“It’s nice to be able to see different places and to not have to pay for anything,” she said.
While perks like these may never add up to Phelp’s financial status and his ability to rake in millions of dollars, there is one thing Herbert and Johnston have in common with the swimming sensation: the right to call themselves Olympians.
ETHS Taking Necessary Steps to Prevent Concussions
The family of Dave Duerson, a former Chicago Bears player, is suing the NFL alleging the league did not do enough to prevent and treat concussions that he suffered during his playing career. This suit emphasizes the current focus on concussions in sports filtering all the way down to the high school level.
Evanston Township High School is taking no chances when it comes to head injuries. The school has been monitoring its student athletes carefully with some of the latest technology called imPACT testing – a computerized concussion evaluation system. For three years, the school has used the testing only for contact sports but next year, it will be available for every sport.
“We’re blessed to have this imPACT testing,” said Mike Burzawa, head coach of the Evanston Township High School football team.
Burzawa’s top two concerns for his players are concussions and hydration. This past season, Burzawa said they had nearly half the number of concussions compared with the prior season, dropping from 20 to 12 cases. While the team has been able to purchase top-of-the-line helmets for the past two years, Burzawa also teaches his young athletes how to block and tackle the right way in order to avoid injury.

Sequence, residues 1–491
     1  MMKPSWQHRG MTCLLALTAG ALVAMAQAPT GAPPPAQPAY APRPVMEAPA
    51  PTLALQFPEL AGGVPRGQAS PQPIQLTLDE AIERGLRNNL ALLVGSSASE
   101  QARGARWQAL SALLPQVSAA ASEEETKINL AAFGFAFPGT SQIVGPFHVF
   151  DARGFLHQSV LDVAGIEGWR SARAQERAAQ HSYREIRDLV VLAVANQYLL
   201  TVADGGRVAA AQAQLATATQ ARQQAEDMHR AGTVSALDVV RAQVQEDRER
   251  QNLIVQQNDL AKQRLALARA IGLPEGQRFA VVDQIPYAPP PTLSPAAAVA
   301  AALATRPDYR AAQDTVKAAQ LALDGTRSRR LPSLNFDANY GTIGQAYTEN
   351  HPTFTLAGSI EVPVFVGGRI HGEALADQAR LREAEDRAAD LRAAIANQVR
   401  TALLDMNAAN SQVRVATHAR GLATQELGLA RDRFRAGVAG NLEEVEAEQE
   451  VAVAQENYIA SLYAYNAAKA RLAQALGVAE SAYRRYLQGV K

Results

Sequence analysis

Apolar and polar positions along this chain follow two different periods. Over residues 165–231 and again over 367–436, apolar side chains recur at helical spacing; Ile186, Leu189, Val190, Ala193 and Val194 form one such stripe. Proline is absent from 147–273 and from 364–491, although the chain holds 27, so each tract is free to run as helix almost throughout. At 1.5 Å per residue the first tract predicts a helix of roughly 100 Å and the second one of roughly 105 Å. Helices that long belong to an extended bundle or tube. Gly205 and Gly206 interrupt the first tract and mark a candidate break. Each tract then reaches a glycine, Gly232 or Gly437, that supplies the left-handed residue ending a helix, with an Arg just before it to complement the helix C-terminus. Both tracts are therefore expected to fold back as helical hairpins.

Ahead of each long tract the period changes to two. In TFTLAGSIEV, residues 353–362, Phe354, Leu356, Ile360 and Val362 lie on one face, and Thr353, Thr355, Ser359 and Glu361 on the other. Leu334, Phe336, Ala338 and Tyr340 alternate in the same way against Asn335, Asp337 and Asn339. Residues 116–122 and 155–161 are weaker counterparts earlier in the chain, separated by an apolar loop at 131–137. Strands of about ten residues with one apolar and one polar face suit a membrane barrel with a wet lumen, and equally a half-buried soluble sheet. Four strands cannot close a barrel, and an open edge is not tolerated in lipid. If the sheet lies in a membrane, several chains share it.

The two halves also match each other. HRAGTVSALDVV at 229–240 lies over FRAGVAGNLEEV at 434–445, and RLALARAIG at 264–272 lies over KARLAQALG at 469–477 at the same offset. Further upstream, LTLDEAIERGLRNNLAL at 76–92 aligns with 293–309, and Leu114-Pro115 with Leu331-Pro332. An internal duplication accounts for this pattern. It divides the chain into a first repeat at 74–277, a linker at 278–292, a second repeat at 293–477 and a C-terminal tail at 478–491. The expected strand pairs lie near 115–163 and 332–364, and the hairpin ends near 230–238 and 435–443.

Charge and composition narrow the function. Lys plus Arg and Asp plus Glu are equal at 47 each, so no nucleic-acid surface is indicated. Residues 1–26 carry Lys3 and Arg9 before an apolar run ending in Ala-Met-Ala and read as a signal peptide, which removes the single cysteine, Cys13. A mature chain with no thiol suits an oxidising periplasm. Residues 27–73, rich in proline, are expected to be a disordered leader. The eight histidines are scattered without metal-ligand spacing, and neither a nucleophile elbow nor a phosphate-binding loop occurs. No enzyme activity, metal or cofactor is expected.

“The most important thing is teaching proper technique, not leading with the head,” said Burzawa who is also assistant athletic director at the high school.
Laura Byrd, assistant athletic trainer at Northwestern University, said concussions are more likely to happen in football but warns athletes involved in non-contact sports also are at risk for head trauma injuries.
“You can see concussions in any sport because it’s not just head-to-head contact,” she said.
A concussion can result from a blow to the head, neck or body. Dr. Pam Bahmandeji worries about concussions as she watches her 14-year-old daughter, Natalie, play soccer for Evanston Township High School’s junior varsity team. Her biggest concern is if Natalie were to head the ball, something her mom said she has never done before.
“It sounds funny, but I think of Muhammad Ali who got hit in the head a lot,” Dr. Bahmandeji said.
Natalie, though, said concussions are not something she thinks about while playing.
“I don’t know a way to prevent it because in the game you can’t really prevent people from running into you,” she said.
But the soccer player said she is aware of the potential dangers and adjusts her level of play in order to prevent injuries.
“When we’re doing scrimmages and practice, I don’t go really hard,” Natalie said. “I try not to trip people or push too much.”
Byrd does not think more concussions are a result of sports becoming more dangerous. She said she thinks it is increased education and awareness that is alerting more people to head injuries. According to a 2011 survey from the Centers for Disease Control and Prevention, emergency room visits by children and adolescents due to brain injuries are up 60 percent over an eight-year span.
“Concussions are in the news more,” Byrd said. “So there may be more reports which lead to greater numbers.”